Tidbits - February 25, 2021


    When Bela Herlong died on February 15, I posted a picture on Facebook from my surprise 40th birthday party nearly 30 years ago. The organizers set the party up like a “Dean Martin Celebrity Roast.” Bela’s contribution was a poem she had written especially for me.
  She did that often, shared her talent as a wordsmith with people she cared about, and she cared about everyone.
  The picture and tribute I posted, garnered over 300 comments, mostly from her former students, all of whom explained how she impacted their lives as a high school English teacher.
  And it wasn’t just teachers and writers who commented, it was architects, engineers, career military people, etc. They thanked her for preparing them for their careers. So many commented how college English class was a snap after having Bela Herlong for two years in high school.
  I personally had an experience in a college English class. I got an “A” on a term paper, but the professor in his comments hinted that the paper looked as if it was plagiarized. After class I was quick to tell him I was from Saluda, had Bela Herlong for a teacher and had been writing terms papers since the seventh grade. I knew what I was doing.
  I was stunned my freshman year in college, when boys on my hall from much larger schools than Saluda had never written a theme or term paper.
  My senior term paper in her class at Saluda High was “Hemingway’s Tough Guy Characters.” I had to read “A Farewell to Arms,” “For Whom the Bell Tolls,” and “The Sun Also Rises.” That’s a college-type assignment.
  Bela would allow her students to be creative.
  She went along with our idea to stage our version of the game show, “To Tell the Truth,” instead of having an exam on the book, “Billly Budd.”
  We had an emcee (me, of course), panelist asking questions, and three contestants, with one of them, unknown to the panelist,  as the “real” Billy Budd.
  We prepared questions, unknown to the contestants, and one of them was, “What is your favorite book?”
  One theme ran throughout the book is that Billy Budd could not read. All of our contestants answered, “The Bible.” The emcee just shook his head. Had any of our contestants read the book?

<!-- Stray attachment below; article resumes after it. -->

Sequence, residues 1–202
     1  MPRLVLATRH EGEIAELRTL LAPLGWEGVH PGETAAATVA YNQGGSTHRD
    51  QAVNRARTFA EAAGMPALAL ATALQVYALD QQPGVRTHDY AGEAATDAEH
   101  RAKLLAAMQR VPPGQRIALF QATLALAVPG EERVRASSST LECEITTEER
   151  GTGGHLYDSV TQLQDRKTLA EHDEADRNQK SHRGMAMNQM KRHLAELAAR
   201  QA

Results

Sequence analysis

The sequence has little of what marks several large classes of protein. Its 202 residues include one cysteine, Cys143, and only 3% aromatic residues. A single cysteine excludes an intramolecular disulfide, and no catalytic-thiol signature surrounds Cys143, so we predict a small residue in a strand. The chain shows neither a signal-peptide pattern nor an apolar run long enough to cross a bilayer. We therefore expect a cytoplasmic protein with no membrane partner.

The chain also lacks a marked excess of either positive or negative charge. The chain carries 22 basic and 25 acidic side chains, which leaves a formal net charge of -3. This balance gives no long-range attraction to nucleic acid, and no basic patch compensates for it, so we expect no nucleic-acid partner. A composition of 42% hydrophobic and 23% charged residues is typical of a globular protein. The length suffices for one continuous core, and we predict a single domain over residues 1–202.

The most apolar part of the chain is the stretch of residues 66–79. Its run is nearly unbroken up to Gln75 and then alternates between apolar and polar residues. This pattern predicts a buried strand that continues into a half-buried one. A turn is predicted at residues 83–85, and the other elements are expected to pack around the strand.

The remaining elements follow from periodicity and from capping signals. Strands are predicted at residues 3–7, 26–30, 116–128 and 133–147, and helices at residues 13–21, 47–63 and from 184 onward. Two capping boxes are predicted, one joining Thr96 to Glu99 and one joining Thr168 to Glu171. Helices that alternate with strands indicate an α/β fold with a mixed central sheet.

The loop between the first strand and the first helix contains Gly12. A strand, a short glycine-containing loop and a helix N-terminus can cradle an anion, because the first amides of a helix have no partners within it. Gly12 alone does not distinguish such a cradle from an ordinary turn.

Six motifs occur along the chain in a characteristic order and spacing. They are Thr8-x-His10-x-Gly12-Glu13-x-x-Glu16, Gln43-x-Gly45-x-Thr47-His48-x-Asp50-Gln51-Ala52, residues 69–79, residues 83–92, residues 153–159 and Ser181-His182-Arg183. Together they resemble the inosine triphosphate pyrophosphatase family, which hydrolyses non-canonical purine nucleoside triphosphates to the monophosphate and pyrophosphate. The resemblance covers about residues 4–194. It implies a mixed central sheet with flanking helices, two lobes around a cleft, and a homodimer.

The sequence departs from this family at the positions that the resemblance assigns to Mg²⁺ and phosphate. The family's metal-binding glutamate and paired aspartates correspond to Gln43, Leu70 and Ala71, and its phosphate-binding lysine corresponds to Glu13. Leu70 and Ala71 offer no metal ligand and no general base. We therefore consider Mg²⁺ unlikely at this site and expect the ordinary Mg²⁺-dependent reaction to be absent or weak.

Our senior year, Bela was directing our  play, “Room for One More,” when her life changed forever.
  Her husband Jimmie, a farmer, great athlete, and brilliant thinker, fell while attempting to cross a Boy Scout rope bridge and suffered permanent brain damage, and some paralysis.
    Nelle Taylor filled in directing or play, while Bela was by Jimmie’s bedside in the hospital. She was able to return to the classroom to finish our senior year, but from that point on, she was the family bread winner. Jimmie could no longer operate his dairy farm.
  Her ability to teach was not affected by what was going on at home.
  She and Gloria Caldwell began their “partnership” at Saluda High directing the award winning “Prism” presentations. These yearly productions gleaned from the literary yearbook were so good, SC ETV produced a program on one of them.
  One of the reasons both of them worked so hard to save the Saluda Theater was so they could write, produce and direct historical dramas about our county.
  I appeared in all but one, the Thomas Greene Clemson story, believe it or not.
  When Emory Church celebrated its 150th anniversary in 1992, Bela and Gloria wrote a drama, and our church members were the performers.
  It was great and was supposed to be a one shot deal, but when we finished the play, we discovered the camera we were using to film the performance didn’t work.
  So, we came back the next Sunday and performed it again. This time we had two or three cameras operating!
  Bela loved Emory Church. Although she joined St. Paul UMC when she married Jimmie, Emory was always home. Her parents, Gladys Wightman and Davenport Padgette were lifelong members. Mrs. Gladys, a longtime teacher and Bela’s inspiration, played the piano for Sunday School and was one of my Sunday School  teachers.
  Cuddin’ Davenport kept us all straight. When Johnny Griffith was our pastor, Davenport timed each of his prayers and sermons.
  One Sunday after Johnny said “Amen,” he said, “How long was that Brother Davenport?”
  “Fourteen minutes,” Cuddin’ Davenport said immediately.
   We all could write a  book about Davenport Padgette. Bela actually did.